Day 3: after an early morning side trip to Lake Matheson (evening or early morning depending on the weather), we travel south through the “Beech Gap” to its end near the Paringa River, then through beech-podocarp-broadleaved forest to Ship Creek and through the  coastal dune and “Dinosaur forest” nature walks before heading to Haast. A short trip south to the road end at Jackson Bay will complete the day.

Day 4: we turn inland up the Haast Valley, through an altitudinal forest sequence to Haast Pass, the lowest on the Southern Alps (640m), and the descend past Lake Wanaka into the semi-arid Central Otago region and on to Dunedin by late afternoon.

Dates 17-20 January 2013
Trip begins Christchurch
Trip concludes Dunedin
Minimum no. 20
Maximum no. 30
Cost (per person) (Twin-share basis) (NZ) $665 (plus GST)
Includes Meals
Trip leaders Peter Bellingham

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Tour 4

Maud Island, Marlborough Sounds

Maud Island is located in outer Pelorus Sound in the Marlborough Sounds. It is a scientific reserve and serves as a predator-free island sanctuary for native species. Some of these species are unique to the island and some are rare and in danger of extinction in mainland areas where non-native pests threaten their survival. It is the second-largest island reserve in the Marlborough Sounds covering around 310 hectares of regenerating coastal forest. The island’s rare and unique species commonly seen are flightless takahe, tui, blue penguin, giant Cook Strait weta, several species of geckos and skinks, and a native species of frog.

For more information see DOC: Maud Island.

Day 1: we depart from Havelock in a water-taxi for the hour-long journey to Maud Island. Accommodation on the island will be bunk-room style at Comalco Lodge.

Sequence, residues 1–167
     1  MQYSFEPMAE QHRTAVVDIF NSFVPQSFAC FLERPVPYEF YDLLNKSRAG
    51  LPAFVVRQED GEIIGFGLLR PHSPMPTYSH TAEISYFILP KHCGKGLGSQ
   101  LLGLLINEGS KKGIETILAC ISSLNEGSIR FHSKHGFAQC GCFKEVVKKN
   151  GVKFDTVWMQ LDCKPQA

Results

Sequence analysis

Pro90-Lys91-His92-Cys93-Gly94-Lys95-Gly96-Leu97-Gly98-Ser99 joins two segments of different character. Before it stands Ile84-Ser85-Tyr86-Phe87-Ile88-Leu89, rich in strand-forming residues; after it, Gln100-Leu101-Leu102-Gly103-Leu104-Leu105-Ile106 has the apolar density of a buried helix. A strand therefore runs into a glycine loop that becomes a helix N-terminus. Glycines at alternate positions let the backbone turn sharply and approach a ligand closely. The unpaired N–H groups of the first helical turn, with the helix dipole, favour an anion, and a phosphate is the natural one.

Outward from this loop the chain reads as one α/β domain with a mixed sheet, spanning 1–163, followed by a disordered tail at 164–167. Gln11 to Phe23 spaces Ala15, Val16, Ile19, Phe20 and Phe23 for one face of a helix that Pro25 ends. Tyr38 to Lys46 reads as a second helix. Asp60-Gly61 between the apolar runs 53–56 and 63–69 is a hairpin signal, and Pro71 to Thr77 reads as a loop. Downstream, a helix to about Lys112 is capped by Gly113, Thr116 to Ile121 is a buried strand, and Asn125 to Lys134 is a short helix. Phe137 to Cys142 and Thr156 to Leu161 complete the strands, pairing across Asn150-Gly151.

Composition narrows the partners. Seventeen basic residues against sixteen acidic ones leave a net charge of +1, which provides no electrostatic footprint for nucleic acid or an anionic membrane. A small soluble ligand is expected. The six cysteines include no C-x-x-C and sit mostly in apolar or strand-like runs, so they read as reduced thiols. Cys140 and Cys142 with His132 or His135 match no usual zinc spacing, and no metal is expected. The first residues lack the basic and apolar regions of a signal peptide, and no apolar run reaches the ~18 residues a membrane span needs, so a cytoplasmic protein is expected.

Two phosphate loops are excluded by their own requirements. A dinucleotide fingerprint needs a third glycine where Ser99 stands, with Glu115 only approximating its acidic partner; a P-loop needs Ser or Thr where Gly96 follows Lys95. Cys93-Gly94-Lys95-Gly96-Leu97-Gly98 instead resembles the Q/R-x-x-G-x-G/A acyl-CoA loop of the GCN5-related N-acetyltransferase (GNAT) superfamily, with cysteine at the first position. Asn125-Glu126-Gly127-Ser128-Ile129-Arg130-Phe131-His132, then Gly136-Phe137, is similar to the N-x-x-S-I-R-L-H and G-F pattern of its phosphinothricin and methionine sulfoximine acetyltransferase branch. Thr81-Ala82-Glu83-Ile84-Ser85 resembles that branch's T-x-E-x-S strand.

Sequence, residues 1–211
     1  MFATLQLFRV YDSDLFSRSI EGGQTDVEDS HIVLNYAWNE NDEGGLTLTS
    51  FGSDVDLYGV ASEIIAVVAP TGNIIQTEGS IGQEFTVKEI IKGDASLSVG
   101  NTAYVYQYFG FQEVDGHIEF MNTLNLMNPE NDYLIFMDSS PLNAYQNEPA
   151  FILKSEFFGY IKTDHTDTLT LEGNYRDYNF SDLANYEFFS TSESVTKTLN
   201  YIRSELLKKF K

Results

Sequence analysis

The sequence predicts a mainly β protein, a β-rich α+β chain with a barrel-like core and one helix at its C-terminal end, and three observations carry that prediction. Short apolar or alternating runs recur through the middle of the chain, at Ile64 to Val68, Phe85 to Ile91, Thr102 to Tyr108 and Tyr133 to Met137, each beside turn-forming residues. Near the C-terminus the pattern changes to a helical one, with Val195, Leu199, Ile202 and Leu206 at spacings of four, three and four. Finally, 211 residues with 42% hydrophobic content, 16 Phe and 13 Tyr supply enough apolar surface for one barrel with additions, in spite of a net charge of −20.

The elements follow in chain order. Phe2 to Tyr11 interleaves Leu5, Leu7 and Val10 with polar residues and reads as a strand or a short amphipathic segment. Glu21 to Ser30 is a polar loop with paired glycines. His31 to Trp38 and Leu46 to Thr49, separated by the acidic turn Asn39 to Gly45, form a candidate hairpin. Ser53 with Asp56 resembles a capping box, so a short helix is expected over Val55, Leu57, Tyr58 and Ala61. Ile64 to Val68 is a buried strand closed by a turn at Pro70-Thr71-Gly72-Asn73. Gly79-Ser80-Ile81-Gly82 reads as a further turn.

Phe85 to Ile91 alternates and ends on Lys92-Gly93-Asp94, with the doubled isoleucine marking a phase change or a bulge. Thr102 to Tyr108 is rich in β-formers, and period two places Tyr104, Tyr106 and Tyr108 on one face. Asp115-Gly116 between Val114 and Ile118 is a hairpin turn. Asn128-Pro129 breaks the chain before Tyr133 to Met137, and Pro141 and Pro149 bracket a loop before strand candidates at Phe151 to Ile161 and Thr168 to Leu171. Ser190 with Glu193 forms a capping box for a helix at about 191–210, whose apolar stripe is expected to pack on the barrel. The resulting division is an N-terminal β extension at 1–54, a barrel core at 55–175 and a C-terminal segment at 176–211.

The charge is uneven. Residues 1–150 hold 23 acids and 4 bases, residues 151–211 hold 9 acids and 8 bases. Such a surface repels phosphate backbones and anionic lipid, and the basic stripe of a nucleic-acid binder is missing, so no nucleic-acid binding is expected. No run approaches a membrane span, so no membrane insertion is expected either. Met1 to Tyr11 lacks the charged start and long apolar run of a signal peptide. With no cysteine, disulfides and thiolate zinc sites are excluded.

Days 2 and 3: we will walk around the island and enjoy the views and the birds and at night there will be guided-walks into the forest to view native frogs and other nocturnal species.

Day 4: we will leave the island via water-taxi, early to mid-morning and travel via road to Dunedin.

Dates 17-20 January 2013
Trip begins Havelock in the South Island. The nearest airport is Blenheim, or road transport from Dunedin to Havelock the day before can be arranged. Please indicate preference when booking
Trip concludes Havelock or Dunedin
Minimum no. 8
Maximum no. 10
Cost (per person) (NZ) $450 (plus GST)
Includes Transport to Dunedin after field trip, water-taxi costs, food and drinks on Maud Island, permit charges and accommodation on Maud Island.
NOT included Accommodation in Havelock, alcohol, food and drinks during the journey from Havelock to Dunedin.
Trip leader Phil Bishop, Chief Scientist, IUCN Amphibian Survival Alliance

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Mid congress tours

Peninsula exploration – with Elm wildlife tours

Explore the stunning Otago peninsula, the ‘wildlife capital of New Zealand”. Elm wildlife tours will guide the group around the peninsula visiting the Royal albatross breeding site and private conservation areas.

There will be an additional charge of (NZ) $65 for this tour.

For more information on the peninsula please visit:

For tour information contact:

Orokonui Ecosanctuary

A 307-hectare native forest in Dunedin, on the east coast of the South Island, is the only Cloud Forest in New Zealand where indigenous plants and animals can live in the wild without threat from most introduced pests. It is home to some of New Zealand's most fascinating and rare forest wildlife.

The visit to Orokonui will begin with a guided tour followed by lunch. After lunch explore the Ecosanctuary until the coach returns to Dunedin.

Minimum number 10

For further information please visit: Orokonui website

For tour information contact:

Paleobotany - FULL

The Paleobotany tour is now full

Paleobotany and sedimentology of Late Cretaceous to Miocene lake and swamp deposits in Otago: using plant fossils to reconstruct the past vegetation, environments and climate of southern New Zealand. A tour of Central Otago sites guided by Daphne Lee and Uwe Kaulfuss.

Minimum number 15